In this post we're going to look a three different methods for growing a garden that we have in practice here.  The first has been in place for quite a while now, and it just gets better year after year.  The second and third are both systems that we had familiarity with, but had yet to put into practice until this growing season.  Let's explore the three methods and I will share some short video that we posted over on our YouTube Channel detailing each of them.  

Deep Mulch Method: 

The first method is a deep mulch system.  We started our first garden here in the southwest corner of our property.  It was kind of a tucked away little corner bordered by the road, driveway, neighbor's property, and an old metal shed.  It just felt detached from everything and ended up being a decent space to start and grow a garden.  It was however, essentially a rock filled driveway for all intents and purposes, so we began what is now years worth of piling material into an ever evolving growing system.  Leaves, grass clippings, old hay, wood chips, pine needles, straw, and loads and loads of compost, along with manure have been added in various forms over the years.  Today it is a lush growing area that supports a wide range of perenial plants and is slowly evolving into my version of a food forest. It is one of the easiest ways to start gardening, since there is no digging involved....but it does take years to reach its full potential. 

Raised Bed Method: 

The second method is a raised bed system.  You will find many versions of how best to do this, but for us it was simple wooden boxes filled with yard scraps, old logs, and rough compost before adding a layer of finished compost that we purchased from the local landfill. The results in these beds have been amazing and we are very pleased with our results this season so far.  I would say that while being an expensive way to start, this method yields very quick results as you can literally start gardening the second you finish filling the beds with soil.  If you add in a simple irrigation system, this method gets even easier.  I personally find that the rigid corners and defined bed space increase my ability to evenly space plants which results in a much more tidy garden space.  I absolutely love this method and it is by far my most favorite. 

In Ground Growing: 

The third and final method for growing is perhaps the most traditional method for growing a garden, and that is growing your garden in the ground.  For me, this has always been an exercise (literally....lots of digging and physical labor involved) in adding soil amendments to help improve the soil before planting.  I usually add in compost, silage top, manure, old hay, grass clippings, dry chicken manure, worm castings, rabbit droppings, or any other organic matter I can find to help improve the soil structure and fertility.  This is all usually tilled and dug into the existing soil before adding a top dressing of finished compost.  The resulting beds will be heavily mulched once planted to help conserve moisture and limit the inevitable weeding tasks that will be associated with in ground growing.  After one season, I will move to a no dig approach for bed maintenance by simply adding compost every year for the remainder of the beds life.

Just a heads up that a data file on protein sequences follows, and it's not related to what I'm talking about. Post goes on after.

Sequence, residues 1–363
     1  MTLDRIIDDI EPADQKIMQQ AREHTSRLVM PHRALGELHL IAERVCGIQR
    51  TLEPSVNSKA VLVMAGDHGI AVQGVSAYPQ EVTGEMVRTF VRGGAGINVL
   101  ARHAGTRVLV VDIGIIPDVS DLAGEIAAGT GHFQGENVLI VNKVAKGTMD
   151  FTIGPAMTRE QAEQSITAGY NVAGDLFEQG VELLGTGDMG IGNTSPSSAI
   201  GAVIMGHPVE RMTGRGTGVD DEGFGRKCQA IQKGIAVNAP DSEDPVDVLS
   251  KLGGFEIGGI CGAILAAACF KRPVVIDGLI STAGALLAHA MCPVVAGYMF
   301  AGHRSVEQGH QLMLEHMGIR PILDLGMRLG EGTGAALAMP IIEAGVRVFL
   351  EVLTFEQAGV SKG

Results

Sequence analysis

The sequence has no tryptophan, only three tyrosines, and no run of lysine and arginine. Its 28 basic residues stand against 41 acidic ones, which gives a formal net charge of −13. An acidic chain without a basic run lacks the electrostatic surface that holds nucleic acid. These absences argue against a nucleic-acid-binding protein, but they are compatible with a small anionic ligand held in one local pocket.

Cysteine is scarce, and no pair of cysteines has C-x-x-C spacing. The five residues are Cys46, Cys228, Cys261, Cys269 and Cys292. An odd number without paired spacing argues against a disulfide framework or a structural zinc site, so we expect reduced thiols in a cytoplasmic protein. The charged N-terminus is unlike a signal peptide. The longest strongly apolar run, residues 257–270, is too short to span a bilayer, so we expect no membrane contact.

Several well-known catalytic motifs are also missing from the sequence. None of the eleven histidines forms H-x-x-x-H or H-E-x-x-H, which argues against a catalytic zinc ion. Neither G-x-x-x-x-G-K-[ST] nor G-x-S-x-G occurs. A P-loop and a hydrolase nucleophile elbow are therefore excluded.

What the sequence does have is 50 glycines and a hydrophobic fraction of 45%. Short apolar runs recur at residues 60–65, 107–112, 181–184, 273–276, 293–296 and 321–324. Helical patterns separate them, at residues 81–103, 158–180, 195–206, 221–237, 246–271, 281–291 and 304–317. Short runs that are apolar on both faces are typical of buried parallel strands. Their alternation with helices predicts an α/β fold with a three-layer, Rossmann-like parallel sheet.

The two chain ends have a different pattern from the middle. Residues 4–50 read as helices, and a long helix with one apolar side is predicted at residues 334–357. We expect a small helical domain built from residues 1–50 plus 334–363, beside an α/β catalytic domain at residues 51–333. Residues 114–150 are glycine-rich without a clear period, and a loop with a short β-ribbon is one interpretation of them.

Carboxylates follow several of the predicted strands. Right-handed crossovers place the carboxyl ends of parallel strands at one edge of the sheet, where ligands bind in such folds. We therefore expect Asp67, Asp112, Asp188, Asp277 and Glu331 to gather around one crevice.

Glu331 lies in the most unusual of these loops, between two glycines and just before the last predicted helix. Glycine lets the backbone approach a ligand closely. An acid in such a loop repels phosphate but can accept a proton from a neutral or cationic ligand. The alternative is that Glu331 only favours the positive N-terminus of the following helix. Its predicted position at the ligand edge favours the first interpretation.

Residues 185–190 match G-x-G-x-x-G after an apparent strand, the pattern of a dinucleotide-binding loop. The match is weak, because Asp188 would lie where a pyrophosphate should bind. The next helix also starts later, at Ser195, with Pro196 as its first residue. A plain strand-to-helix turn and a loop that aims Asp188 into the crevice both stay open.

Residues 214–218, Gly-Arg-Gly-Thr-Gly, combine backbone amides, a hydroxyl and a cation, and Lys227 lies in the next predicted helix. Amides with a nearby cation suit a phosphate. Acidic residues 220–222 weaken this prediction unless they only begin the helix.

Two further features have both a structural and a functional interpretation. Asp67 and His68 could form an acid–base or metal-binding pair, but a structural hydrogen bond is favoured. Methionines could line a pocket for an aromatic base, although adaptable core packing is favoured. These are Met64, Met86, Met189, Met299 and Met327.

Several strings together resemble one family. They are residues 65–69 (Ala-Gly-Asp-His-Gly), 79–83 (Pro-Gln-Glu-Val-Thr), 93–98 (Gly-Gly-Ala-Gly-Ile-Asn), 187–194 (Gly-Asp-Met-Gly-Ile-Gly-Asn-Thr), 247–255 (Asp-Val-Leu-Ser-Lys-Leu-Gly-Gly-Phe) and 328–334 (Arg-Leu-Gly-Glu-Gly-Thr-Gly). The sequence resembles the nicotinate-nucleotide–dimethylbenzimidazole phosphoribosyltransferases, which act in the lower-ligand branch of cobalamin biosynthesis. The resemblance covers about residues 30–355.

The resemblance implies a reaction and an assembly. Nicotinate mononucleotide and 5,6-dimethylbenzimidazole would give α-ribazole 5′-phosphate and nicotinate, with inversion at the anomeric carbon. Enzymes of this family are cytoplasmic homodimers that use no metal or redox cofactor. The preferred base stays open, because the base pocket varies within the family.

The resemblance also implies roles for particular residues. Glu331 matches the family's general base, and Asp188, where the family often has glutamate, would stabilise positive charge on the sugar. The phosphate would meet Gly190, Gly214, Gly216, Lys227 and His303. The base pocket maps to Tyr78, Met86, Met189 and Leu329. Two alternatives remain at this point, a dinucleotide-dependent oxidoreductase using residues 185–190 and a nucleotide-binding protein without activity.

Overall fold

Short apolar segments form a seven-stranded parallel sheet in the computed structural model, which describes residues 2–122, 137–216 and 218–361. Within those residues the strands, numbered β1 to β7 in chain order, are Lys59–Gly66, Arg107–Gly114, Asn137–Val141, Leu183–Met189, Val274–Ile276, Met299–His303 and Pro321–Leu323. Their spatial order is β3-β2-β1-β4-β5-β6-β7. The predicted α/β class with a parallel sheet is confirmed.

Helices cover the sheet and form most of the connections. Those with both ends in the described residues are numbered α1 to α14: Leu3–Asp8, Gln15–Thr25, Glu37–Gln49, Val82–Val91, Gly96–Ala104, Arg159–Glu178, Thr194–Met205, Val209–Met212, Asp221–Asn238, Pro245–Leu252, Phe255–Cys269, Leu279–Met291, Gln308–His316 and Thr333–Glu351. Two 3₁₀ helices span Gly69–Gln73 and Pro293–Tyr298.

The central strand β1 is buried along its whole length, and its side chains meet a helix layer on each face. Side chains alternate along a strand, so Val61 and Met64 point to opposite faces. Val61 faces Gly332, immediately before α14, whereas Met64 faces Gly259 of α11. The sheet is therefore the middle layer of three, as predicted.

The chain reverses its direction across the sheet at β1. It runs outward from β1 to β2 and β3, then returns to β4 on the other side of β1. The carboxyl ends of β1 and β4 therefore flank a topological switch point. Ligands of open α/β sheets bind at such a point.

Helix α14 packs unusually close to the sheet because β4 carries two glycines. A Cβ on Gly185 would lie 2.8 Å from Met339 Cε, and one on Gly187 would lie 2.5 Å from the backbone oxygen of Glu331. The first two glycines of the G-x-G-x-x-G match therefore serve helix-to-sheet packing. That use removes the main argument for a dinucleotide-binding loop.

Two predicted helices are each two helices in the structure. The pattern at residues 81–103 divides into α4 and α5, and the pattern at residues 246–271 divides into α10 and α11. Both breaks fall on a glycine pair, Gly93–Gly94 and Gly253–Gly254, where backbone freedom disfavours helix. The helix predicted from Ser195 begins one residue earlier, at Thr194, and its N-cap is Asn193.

Over the years I have found success with all these methods and I am looking forward to an active growing season this year.  How do you garden?  Which method is your favorite?  Share your thoughts down in the comments and check back throughout the growing season for updates on our garden progress this season.  

Get outside and get growing, because life is better, when its live Outdoorz! 

Thursday, April 9, 2020

Using Plastic Mulch

Using Black Plastic Mulch for Soil Prep

Over the past year or so, I have been experimenting with a method for soil prep using plastic mulch.  The quick version is that when you cover the ground with plastic mulch, the weeds can't grow, and worms and other soil life can thrive under the protective layer of plastic and do amazing things to the soil.  I now believe this to be very true. 

In the short video below, you will see what we found when we moved our plastic after leaving it sit for I think over a year.  It did a great job keeping the massive amounts of morning glory in the space from making a huge mess, and we were very happy with the results.  We have big plans for this space, and I am excited to get this next garden adventure started. 

Simple Chick Starting Method

Starting Chicks the Easy Way

It will come as no surprise to anyone who has explored this blog that we have chickens.  Most people raise chickens for their eggs and maybe the meat you can get once an older bird has finished her most productive years.  Around here, I believe the biggest role my chickens have played is that of soil generator.  If you manage them correctly and learn how to compost, you can end up with an amazing amount of high quality growing material.  

But, in order for this to happen, you have to have chickens, and for most people, that. means starting with some chicks.  In the short video below I detail the system that we used most recently here in the spring of 2020.  There are certainly more elaborate methods, and I will likely have to piece together something on a bit larger scale for them here soon, but in general, this short video details just how simple it can be to get some chicks started.